Wednesday, May 17, 2006

Here's How To Tell When A President Is Lying and Realize He's Screwing Unborn Americans In The Process

Today, in a heavily publicized expensive event sponsored by our American Taxpayer Dollars, the President put off paying for his gigantic increases in government expenditures shoveling the burden on future presidents (to make them look bad, I'm sure) and generations. And while doing it, produced another malfeasant statement that could be viewed as a lie.
If you have a mutual fund for your family, these tax cuts made you better off. If you have an IRA or a 401(k), these tax cuts will help provide a better retirement.
How do I know he is fudging the truth here? Because I have a Roth IRA, which by its very definition produces increases in value at no tax to me. That's what makes the Roth IRA such a splendid thing. So, do I need tax cuts for a program that is already not taxed? Nope. Moreover, unless you are pealing out payments from your traditional IRA, you are not showing any windfall that would be taxed in the first place. Again, no benefit by this bill. So, what's the actual consequence for this act? We place the ever expanding debt burden on future generations to make the W, Rove and Co seem artificially magnanimous when in actuality, they are adding to the burden by costing us the interest instead of paying for things like, oh, let's say the war on terror, on credit. Sucks to be us, no?

1 comment:

Anonymous said...

The Roth IRA's 'carrot' is not particularly good value

Roth IRAs were designed to accelerate tax payments to the government. That was the intent of the Roth legislation, to get people to pay more taxes now. In this Roth's were effective since Roth dollars are invested after tax.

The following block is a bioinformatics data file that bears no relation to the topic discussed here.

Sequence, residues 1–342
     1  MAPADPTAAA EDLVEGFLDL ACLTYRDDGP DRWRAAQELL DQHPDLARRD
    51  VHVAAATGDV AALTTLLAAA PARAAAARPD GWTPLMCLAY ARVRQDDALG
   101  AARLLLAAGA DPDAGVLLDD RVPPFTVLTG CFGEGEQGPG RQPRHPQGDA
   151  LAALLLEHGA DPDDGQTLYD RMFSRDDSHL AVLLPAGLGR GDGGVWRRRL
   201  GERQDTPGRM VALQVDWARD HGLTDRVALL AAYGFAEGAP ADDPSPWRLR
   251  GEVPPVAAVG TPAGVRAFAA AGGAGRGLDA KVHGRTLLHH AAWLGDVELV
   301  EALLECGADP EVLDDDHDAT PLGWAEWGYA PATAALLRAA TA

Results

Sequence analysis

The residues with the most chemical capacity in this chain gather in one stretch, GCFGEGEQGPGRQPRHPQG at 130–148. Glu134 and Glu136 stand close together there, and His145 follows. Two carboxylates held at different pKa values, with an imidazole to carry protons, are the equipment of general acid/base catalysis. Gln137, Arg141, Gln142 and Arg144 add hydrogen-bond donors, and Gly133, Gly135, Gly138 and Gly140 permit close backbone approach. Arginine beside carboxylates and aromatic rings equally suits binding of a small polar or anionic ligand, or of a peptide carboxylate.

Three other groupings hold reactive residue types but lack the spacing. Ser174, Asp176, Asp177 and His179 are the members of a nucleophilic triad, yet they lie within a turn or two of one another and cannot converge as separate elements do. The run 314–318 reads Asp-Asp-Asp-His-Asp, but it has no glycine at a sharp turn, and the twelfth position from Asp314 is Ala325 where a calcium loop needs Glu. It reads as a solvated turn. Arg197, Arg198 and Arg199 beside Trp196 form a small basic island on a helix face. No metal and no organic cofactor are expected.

Regular IRAs are pre-tax investments. Yes, you pay taxes when you take money out of a regular IRA, but you also had more more going in to invest. More money invested means larger 'profits,' if there is a favorable change in your tax bracket in retirement. You must decide if this latter a sound assumption to make.

To illustrate, suppose your tax rate is 50% (assume any rate you like, this still works):

You have $2 income.

If have $2 income put into a Roth, after tax your investment is $1. (After paying the 50% tax on $2.)

If you put your $2 into a regular IRA, your investment is $2. (Pre-tax.)

Both investments double over time. How much money do you net after tax from each investment?

Roth, $1 x 2= $2. (No tax.)

Regular IRA, $2 x 2 = $4 - $2 = $2. ($2 after 50% tax.)

Superficially, it looks like Roth and regular IRAs are investment neutral.

But realistically, your tax bracket is likely to be lower in retirement than it is today. In fact, the IRS tax-advantages senior citizens right out of the box. Try filling out your 1040 as a 65-y.o. and you'll see how this works.

As a retiree, you also get to decide at what rate your receive your income, unlike today when you work to make the big bucks and pay taxes on them currently. Consider that in retirement you'll probably be living in paid up housing, paid up yacht, paid up car, you need less income to maintain your lifestyle. In retirement, and needing less income, controlling your taxable income by deciding how fast to receive it can reduce your taxes.

Roth IRAs only look like a good deal if you expect to have more income in retirement, and subsequently expect to pay taxes at a higher rate than you do today. It's up to you to decide if that's a sound assumption to make today.

He who pays in advance pays twice. - Benjamin Franklin.